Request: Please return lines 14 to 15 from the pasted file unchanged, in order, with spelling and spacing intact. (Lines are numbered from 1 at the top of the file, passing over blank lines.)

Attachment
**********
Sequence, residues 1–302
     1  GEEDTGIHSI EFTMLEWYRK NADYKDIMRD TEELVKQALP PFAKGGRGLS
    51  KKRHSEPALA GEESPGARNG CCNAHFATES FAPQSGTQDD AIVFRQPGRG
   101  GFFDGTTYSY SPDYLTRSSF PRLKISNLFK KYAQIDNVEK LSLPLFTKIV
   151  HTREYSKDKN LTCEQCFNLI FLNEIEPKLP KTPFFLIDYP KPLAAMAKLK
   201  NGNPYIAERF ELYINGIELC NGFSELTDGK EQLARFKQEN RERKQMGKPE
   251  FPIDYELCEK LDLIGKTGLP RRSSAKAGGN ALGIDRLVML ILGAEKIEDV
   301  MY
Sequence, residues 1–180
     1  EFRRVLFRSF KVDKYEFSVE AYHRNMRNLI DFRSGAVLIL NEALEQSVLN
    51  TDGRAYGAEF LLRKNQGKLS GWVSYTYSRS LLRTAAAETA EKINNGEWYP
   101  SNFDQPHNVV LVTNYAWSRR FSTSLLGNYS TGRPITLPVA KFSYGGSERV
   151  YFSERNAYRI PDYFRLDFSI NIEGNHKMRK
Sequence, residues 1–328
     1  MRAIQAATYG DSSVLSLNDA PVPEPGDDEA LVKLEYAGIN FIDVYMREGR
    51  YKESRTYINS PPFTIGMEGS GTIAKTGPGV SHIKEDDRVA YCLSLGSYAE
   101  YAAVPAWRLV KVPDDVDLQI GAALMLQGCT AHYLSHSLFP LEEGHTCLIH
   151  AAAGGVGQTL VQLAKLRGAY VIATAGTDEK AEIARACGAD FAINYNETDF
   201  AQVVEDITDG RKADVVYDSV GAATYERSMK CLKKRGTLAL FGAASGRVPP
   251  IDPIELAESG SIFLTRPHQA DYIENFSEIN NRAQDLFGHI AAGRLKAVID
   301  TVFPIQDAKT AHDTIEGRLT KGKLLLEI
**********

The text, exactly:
Sequence, residues 1–328
     1  MRAIQAATYG DSSVLSLNDA PVPEPGDDEA LVKLEYAGIN FIDVYMREGR